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Hanging Farm Gates to Last - An Expert's Advice

This week, retired fencing contractor Micheál Geoghegan talked to about hanging farm field gates that will last. Micheál has hung hundreds of farm gates over the years. His advice is laid out here in a simple 9-step guide

  1. Assess the gap site. Select a spot that is level, or excavate it to make it level. Never hang a gate on a slope, or it will end up running away from the ground – i.e. there will be a gap under the gate on one side. Make sure that the ground on either side of the gap is also level, so that the gate will be able to swing open fully.

  2. Decide what sort of pillars you want to hang your gate on. You can choose either wooden or steel pillars, or a built concrete pier. All of these have strong advantages and some disadvantages. Durability is the major advantage of the steel and concrete pillars, but the timber post is very handy because you can drive it with a machine easily (provided the ground is suitable and not very stony).

  3. If you’re using prefabricated gate posts or RSJs, you have to dig your holes, allowing enough space for your gate and hangers. For instance, for a 12-foot gate using an RSJ clamp hanger, you need to leave approximately 4 additional inches for the hanger.Gate Hangers 001

  4. Mix concrete, put your posts into the holes, and make sure they are plumb using a spirit level. Once posts are level, set the concrete around them. Leave to set, making sure that if you’re using prefabricated gate posts the bolt-receiving hole will correspond to the bolt on the gate. (i.e. make sure it’s at the right height).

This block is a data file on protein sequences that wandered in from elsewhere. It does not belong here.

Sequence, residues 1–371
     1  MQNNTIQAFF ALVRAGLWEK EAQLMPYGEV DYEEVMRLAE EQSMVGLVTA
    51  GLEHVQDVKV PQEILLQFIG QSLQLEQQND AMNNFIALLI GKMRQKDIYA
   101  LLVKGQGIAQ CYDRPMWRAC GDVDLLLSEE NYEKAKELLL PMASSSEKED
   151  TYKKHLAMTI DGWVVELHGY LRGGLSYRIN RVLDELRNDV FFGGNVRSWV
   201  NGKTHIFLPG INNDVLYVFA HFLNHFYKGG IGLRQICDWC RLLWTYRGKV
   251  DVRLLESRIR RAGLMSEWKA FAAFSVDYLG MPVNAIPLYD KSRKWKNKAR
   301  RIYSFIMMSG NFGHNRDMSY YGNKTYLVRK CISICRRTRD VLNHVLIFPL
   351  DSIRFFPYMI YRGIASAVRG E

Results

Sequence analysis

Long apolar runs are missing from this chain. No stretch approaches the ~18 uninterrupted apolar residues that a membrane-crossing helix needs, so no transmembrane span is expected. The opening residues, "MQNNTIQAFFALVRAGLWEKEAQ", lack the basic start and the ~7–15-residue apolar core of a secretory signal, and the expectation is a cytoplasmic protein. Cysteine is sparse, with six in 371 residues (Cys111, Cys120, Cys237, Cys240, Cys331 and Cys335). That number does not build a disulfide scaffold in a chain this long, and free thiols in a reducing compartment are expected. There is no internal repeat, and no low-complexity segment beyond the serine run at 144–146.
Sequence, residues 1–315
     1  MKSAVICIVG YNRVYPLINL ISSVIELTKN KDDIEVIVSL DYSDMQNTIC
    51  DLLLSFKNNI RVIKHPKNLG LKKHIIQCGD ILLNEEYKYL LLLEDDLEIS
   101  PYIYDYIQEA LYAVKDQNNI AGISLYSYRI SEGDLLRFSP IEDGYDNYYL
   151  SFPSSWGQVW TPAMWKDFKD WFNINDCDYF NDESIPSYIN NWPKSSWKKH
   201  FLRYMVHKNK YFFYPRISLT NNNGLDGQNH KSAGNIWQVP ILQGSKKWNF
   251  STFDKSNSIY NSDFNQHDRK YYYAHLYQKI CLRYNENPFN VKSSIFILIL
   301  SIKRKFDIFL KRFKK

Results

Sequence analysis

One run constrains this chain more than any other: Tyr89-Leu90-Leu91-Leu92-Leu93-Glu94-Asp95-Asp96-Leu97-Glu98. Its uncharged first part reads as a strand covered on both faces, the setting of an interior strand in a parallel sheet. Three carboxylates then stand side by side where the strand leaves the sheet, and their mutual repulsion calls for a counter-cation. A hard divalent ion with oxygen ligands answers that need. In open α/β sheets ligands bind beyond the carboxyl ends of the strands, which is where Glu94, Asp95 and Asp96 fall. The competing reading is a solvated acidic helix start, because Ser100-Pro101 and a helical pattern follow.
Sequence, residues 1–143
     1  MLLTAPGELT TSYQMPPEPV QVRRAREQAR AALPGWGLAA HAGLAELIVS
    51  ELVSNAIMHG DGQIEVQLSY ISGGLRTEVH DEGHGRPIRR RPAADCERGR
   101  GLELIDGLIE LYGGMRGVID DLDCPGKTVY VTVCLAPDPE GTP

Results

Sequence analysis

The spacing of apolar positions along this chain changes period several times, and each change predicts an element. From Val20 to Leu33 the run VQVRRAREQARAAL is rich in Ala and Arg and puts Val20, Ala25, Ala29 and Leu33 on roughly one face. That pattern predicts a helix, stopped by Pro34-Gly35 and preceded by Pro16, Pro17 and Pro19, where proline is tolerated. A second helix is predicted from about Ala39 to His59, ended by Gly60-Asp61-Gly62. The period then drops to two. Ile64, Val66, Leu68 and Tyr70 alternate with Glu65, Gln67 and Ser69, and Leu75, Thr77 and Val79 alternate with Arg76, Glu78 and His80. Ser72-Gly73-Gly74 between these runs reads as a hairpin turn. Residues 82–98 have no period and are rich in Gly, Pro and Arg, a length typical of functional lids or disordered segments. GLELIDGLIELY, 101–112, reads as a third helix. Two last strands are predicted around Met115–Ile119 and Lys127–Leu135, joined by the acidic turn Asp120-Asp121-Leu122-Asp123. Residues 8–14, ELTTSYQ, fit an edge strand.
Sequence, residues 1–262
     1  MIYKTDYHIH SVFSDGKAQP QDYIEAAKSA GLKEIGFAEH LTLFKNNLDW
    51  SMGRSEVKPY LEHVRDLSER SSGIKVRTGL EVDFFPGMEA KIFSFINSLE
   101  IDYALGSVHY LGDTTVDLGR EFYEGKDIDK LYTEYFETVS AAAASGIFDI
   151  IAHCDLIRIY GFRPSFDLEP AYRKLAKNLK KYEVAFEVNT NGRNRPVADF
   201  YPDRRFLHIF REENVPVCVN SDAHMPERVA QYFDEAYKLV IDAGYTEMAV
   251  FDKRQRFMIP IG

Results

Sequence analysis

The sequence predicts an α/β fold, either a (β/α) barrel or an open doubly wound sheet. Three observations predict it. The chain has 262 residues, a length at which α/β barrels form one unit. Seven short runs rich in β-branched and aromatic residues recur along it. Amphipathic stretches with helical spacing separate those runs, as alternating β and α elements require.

5. For an RSJ post, put on the bottom hanger clamp close to the ground and tighten it using a spanner. Sit the bottom spud of the gate, meaning the bottom of the vertical bar, into the clamp.

  6. Attach the top hanger clamp loosely on the RSJ above the height of the gate’s upper spud. Lift in your gate, pull the top clamp down onto the top spud and tighten it too.

  7. If you’re using a timber post, you can either use threaded bar hangers, which you have to drill through the post to attach; or bolt on hangers which you attach using coach bolts.

  8. If you haven’t got a sheep gate, and you have lambs in the field, you may need to attach sheep wire to the gate to prevent the lambs from escaping. Using your pliers, cut a piece of sheep wire a foot longer than the gate. Remove the vertical strands to leave 6 inches of horizontal strands on either end. Tie around the two vertical end bars of the gate. Using tying wire, tie the bottom strand to the bottom bar of the gate. Use more tying wire to tie the top horizontal strand of the wire to the closest corresponding horizontal bar of the gate. Use additional pieces of tying wire to secure the central strands of wire to the gate.

  9. Stand back and admire a job well done!

Note: Sincere thanks to Micheál Geoghegan for agreeing to talk to us and share his advice once again.
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